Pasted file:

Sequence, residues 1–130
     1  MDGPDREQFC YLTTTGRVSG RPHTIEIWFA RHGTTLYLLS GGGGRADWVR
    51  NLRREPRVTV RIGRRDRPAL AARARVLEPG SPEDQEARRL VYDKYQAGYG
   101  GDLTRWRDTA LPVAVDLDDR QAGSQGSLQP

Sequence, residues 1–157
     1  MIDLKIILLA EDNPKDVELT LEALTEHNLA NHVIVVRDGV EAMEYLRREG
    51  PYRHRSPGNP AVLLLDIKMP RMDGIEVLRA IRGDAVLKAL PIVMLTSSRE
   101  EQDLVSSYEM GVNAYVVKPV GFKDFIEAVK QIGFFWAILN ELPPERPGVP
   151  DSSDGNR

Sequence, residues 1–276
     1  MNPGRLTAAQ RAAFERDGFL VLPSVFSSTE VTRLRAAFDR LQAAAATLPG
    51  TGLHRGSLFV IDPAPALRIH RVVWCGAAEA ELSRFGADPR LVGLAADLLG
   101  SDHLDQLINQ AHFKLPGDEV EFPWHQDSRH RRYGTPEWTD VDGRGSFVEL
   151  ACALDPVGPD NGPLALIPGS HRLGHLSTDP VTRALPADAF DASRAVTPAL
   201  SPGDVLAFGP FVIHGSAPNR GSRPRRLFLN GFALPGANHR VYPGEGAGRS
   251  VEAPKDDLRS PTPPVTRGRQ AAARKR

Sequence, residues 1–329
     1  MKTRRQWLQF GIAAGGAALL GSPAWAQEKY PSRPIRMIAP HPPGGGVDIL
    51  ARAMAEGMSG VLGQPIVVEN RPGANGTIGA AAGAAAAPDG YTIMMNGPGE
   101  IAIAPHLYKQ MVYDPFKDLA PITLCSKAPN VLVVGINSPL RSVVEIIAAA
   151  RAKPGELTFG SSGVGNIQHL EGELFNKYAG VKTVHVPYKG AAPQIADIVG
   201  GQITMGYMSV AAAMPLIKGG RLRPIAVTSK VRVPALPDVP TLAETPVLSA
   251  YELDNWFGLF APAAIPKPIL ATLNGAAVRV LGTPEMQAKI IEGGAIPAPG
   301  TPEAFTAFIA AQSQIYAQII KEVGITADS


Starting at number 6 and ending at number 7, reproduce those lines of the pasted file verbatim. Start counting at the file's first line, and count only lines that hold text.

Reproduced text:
     1  MIDLKIILLA EDNPKDVELT LEALTEHNLA NHVIVVRDGV EAMEYLRREG
    51  PYRHRSPGNP AVLLLDIKMP RMDGIEVLRA IRGDAVLKAL PIVMLTSSRE